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Unformatted text preview: Dos seres humanos buscan su identidad. David, estudiante de ciencias sociales en la Universidad de La Habana y Diego, un artista homosexual obsesionado por la cultura. El encuentro entre ambos da lugar a un complejo mundo de relaciones interpersonales en las que se entremezclan la amistad y la pasin, que lleva a poner en grave riesgo la libertad de ambos. Basado en el cuento de Senel Paz titulado El lobo, el bosque y el hombre nuevo . La pelcula consigue mostrar lo que une a las personas por encima de las convenciones sociales. La pelcula cubana muestra los entresijos de a vida en La Habana y la represin que sufre un homosexual en la sociedad cubana de los aos setenta, entre otras cosas. `I knew he was homosexual," the young man explains to his friend, "because they had chocolate ice cream, and yet he ordered strawberry." Thus does the shortage of consumer products in Castro's Cuba reveal the inner workings of the libido. The young man's name is David (Vladimir Cruz), and he recently had a disenchanting experience with his fiancee. They went to a cheap hotel to make love for the first time, but she was dismayed by the shabbiness of the surroundings and could not understand how the man who loved her could bring her there. David was understanding, they left without making love - and the next time we see them, it is at her wedding to another man. So David is on the rebound that day in the park when Diego (Jorge Perrugoria) sits at his table and starts to eat the strawberry ice cream. Diego is obviously gay: He's swishy, wearing his sexuality as a badge of honor. And he has eyes for the handsome young David, inviting him back to his flat for coffee, and then staging a fake scenario where the coffee spills on David's shirt. Diego insists David take it off so he can wash it, and . . . And nothing unfolds as we expect. "Strawberry and Chocolate" is not a movie about the seduction of a body, but about the seduction of a mind. It is more interested in politics than sex - unless you count sexual politics, since to be homosexual in Cuba is to make an anti-authoritarian statement whether you intend it or not. The movie has been directed by Tomas Gutierrez Alea , at 72 the greatest of Cuba's filmmakers and one of its most contradictory. An early supporter of Fidel Castro and the head of the revolution's underground film unit, he made "Stories of the Revolution" (1960) about the overthrow of the Batista regime. He founded the national film unit. Yet his own films have questioned life under Castro: The famous "Memories of Underdevelopment" (1968) is about an intellectual adrift in revolutionary Havana, and now here is a film in which Diego taps his brow and says, "This is a thinking head - and if you have ideas, they ostracize you." The character of Diego is much more complex than he first appears. He is a little older than David, handsome, and well-off by Cuban standards: He lives in a small, cluttered apartment, but at least he lives there alone, and...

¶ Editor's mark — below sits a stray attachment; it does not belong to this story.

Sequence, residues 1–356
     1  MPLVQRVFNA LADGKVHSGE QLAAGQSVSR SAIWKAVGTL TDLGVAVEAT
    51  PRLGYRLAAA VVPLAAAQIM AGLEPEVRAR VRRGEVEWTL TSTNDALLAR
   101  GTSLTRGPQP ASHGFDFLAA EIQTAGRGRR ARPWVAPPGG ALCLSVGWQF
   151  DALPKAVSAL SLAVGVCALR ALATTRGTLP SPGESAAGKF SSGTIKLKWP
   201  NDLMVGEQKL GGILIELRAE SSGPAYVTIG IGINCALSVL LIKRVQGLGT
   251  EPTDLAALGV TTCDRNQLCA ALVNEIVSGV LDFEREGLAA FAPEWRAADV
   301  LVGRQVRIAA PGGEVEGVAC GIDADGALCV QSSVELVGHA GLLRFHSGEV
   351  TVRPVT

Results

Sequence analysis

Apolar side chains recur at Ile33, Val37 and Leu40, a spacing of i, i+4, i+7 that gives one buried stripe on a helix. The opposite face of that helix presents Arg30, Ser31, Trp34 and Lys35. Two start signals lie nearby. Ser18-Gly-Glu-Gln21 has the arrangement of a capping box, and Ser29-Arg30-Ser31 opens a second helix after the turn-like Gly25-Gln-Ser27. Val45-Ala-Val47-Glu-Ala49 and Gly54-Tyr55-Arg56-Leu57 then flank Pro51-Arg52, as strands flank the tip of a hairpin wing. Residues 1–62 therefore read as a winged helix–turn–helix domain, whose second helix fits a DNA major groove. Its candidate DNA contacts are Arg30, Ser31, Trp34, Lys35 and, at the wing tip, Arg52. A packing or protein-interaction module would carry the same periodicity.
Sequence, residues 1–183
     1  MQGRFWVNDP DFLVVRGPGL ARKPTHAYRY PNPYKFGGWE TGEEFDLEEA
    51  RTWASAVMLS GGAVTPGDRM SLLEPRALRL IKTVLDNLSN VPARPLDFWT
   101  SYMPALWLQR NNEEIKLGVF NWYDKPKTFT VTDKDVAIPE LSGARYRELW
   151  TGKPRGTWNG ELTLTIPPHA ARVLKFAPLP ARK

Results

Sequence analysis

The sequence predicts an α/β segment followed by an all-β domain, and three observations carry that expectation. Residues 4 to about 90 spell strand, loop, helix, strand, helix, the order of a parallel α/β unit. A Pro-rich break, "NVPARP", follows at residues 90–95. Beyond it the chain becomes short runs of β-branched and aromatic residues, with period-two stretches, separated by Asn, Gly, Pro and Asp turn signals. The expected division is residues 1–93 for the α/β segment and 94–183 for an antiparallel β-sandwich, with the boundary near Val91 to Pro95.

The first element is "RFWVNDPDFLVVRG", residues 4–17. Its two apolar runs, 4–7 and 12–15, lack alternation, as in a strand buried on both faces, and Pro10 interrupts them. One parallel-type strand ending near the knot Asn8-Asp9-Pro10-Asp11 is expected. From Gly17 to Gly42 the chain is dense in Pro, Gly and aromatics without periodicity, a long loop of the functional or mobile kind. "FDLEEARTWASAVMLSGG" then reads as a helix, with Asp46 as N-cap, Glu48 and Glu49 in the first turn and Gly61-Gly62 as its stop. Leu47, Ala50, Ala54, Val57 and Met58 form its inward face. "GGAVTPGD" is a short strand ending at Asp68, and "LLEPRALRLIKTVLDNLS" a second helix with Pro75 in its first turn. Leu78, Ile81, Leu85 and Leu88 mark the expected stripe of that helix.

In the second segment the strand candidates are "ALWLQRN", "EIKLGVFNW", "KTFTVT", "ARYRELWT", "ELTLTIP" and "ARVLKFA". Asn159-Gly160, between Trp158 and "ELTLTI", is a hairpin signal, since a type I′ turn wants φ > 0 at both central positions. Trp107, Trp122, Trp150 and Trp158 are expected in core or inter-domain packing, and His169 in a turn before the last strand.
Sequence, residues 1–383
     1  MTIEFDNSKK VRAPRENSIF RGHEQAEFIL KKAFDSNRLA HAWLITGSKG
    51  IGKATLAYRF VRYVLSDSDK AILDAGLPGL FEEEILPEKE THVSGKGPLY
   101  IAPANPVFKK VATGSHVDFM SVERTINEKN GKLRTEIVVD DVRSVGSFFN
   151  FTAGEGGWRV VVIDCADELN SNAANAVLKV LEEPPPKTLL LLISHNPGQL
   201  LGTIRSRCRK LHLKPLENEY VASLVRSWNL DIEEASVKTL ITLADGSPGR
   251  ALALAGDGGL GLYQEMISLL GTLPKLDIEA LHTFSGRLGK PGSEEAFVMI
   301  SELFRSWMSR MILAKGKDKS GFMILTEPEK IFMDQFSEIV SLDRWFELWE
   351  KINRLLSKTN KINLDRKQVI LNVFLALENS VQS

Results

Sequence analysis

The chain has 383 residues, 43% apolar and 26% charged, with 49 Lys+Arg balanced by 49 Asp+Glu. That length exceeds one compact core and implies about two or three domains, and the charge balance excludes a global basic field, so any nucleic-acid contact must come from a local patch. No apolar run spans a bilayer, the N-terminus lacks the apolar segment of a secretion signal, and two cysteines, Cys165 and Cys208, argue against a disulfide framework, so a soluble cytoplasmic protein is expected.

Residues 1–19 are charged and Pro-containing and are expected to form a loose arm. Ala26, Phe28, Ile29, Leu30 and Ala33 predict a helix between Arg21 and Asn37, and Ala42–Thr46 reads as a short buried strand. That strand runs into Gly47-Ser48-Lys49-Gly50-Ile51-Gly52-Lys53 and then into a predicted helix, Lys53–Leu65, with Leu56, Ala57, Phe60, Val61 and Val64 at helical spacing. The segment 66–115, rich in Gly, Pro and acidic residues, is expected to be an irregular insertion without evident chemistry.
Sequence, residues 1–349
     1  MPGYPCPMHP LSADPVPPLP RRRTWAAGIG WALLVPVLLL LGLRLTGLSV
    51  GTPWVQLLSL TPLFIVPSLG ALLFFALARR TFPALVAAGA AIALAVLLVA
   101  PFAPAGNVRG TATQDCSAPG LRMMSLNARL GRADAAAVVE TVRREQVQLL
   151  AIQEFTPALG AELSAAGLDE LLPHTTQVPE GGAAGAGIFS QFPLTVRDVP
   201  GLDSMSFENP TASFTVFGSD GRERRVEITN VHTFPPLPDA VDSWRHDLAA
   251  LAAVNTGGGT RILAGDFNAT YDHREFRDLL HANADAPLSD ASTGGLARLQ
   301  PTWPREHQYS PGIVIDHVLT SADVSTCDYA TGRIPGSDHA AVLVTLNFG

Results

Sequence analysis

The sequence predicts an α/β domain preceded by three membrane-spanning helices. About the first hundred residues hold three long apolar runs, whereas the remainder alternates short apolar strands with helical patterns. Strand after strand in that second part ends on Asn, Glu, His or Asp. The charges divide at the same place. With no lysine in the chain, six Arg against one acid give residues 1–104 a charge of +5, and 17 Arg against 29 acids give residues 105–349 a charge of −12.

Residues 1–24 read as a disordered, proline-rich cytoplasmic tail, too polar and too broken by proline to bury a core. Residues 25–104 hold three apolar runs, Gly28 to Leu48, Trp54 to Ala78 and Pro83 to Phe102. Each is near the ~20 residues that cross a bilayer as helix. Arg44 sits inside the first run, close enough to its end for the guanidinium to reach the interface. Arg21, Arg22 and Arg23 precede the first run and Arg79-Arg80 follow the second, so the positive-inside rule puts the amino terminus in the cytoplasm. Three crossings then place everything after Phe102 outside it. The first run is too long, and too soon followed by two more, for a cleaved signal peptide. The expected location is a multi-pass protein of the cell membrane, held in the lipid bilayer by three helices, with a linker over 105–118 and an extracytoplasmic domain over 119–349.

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This note was uploaded on 11/18/2011 for the course ECON 1000 taught by Professor Unknown during the Spring '10 term at Carleton CA.
- Spring '10
- The Iliad